North Central Nebraska’s Journey to Promote Health, Well-Being, and Equity
Five years into the Sentinel Communities Surveillance Project, North Central Nebraska’s capacity to promote health, well-being, and equity has remained relatively stable under the leadership of the North Central District Health Department (NCDHD) and critical access hospitals.
Regional and state organizations, a small set of social service agencies, economic development organizations, and nonprofits also contribute capacity. NCDHD continues to coordinate most of the efforts around health and well-being in the community, though social services agencies also help to support healthy housing and food access, and stakeholders concerned specifically with mental health have expanded their efforts. Considering the role of healthcare access and health in general in their future economic viability, regional stakeholders have continued efforts to build the local healthcare workforce and promote economic development (with health as a piece of that). The rugged individualism that pervades the ranching and farming culture in the region has meant that health has been viewed as an individual responsibility by many. Stakeholders in the region have not historically prioritized health equity, though some social service and public health stakeholders have started to label their efforts to provide access to healthcare and health-promoting resources (food, income support) as health equity activities over the past five years.
Health Priorities and Narrative
NCDHD is the public health agency for the region, while a small set of critical access hospitals and clinics provide healthcare services.
State and regional organizations provide programming via offices in the region and access to resources and broader networks.
NCDHD continues to lead health promotion efforts and safety net services with a focus on substance abuse, dental health, and infectious disease.
Many North Central Nebraska communities are concerned about their future viability, focusing on economic development with health opportunities and healthcare as part of that.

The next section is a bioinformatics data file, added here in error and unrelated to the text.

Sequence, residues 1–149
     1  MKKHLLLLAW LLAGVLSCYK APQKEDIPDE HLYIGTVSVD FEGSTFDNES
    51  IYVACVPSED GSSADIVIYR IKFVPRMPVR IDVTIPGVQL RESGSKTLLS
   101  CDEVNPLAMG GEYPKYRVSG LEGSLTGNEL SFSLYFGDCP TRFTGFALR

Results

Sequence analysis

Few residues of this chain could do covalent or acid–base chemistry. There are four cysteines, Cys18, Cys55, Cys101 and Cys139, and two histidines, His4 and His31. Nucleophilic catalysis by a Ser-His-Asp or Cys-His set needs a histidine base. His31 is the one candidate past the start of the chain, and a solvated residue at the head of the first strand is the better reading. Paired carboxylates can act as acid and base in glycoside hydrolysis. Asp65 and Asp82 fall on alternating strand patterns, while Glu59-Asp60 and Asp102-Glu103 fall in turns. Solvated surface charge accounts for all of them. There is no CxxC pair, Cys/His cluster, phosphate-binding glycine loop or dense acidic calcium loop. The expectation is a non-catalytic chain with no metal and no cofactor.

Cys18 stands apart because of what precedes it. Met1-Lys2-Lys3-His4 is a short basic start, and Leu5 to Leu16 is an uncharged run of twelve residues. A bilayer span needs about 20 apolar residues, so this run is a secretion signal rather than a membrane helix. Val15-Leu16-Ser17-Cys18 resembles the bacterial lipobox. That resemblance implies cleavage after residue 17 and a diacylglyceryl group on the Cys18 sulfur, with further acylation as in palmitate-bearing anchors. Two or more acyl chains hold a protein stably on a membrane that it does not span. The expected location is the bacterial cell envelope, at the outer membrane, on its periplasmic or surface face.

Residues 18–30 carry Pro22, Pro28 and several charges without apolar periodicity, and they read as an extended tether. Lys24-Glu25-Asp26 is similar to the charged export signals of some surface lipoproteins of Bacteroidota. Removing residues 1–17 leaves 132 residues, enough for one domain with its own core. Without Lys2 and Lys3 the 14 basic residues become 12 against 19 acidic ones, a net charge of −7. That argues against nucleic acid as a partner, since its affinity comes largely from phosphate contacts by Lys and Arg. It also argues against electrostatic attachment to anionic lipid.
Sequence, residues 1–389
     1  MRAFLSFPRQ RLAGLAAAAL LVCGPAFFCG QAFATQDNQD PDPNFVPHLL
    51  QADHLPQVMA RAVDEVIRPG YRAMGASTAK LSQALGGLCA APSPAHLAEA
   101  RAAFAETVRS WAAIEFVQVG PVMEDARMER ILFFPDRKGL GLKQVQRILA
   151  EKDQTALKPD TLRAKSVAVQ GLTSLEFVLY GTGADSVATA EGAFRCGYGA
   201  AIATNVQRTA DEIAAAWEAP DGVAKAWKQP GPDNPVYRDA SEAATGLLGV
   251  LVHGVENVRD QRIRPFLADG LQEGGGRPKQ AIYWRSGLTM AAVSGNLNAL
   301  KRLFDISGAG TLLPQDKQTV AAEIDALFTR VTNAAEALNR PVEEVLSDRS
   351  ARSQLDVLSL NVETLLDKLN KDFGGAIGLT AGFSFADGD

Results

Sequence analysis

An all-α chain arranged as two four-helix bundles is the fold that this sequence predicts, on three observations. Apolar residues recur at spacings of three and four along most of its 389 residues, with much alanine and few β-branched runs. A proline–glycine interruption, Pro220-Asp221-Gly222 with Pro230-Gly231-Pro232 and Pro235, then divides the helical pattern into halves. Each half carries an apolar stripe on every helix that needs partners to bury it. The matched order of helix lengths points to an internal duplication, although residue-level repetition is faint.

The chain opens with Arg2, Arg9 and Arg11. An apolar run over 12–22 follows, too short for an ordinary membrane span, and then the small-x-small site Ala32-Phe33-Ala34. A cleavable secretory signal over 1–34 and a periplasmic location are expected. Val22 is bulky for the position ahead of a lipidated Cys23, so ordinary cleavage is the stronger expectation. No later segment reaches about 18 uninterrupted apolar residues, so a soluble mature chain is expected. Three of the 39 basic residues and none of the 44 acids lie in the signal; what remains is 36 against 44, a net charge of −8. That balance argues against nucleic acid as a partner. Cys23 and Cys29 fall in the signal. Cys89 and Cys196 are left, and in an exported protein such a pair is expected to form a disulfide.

Health Priorities and Narrative
The perception that good health is an individual responsibility is still widespread, and most health leaders still have the same priorities: access to care, substance use, and healthy behaviors.
The region is fairly racially homogeneous, though a portion of it overlaps with the Santee Sioux Nation, and it is home to a small population of Latino community members.
While health equity is still not a term discussed broadly in the community, some community organizations consider their work to have equity implications.
Lessons Learned: Where is North Central Nebraska Five Years Later?
North Central Nebraska is illustrative of many rural communities struggling to remain viable as economic and generational shifts challenge existing structures and paradigms.
Crises, such as the 2019 floods and the COVID-19 pandemic, have revealed the strong community ties in the region, but also the tendency to resist government intervention in favor of individual action.
Non-health stakeholders are beginning to put effort and investment into well-being, recognizing that things such as good mental health, access to childcare, and healthy, affordable housing, access to healthy food options, and opportunities for physical activity are critical to the community’s future viability.
Other communities can learn from North Central Nebraska’s approaches to make these changes, as well as the challenges they encountered, to inform their own journeys. And as COVID- 19 recovery continues, with historic funding flowing to local communities, future research could consider the ways in which momentum around health, equity, and well-being influences community health narratives and decisions moving forward.
In its efforts to improve health and well-being, North Central Nebraska has leveraged external resources to supplement a lack of local funding and organizational capacity. Strong interpersonal connections and a desire to sustain their communities into the future have motivated community engagement for health and well-being. Yet, barriers remain in the vast, rural, aging community. Service areas are large, and health is seen as an individual responsibility and is thus underfunded, inhibiting collaboration, innovation, and impact.
State-level interest in rural futures
External data capacity
Access to health information in the media
Strong ties between residents
Positive, future-orientation inspires community engagement
Large service areas for regional organizations
Health as an individual responsibility
No formal cross-sector health collaboratives
Limited state and county funding for health
Within-region variability in activity for health
Lack of engagement of individuals with low incomes, populations of color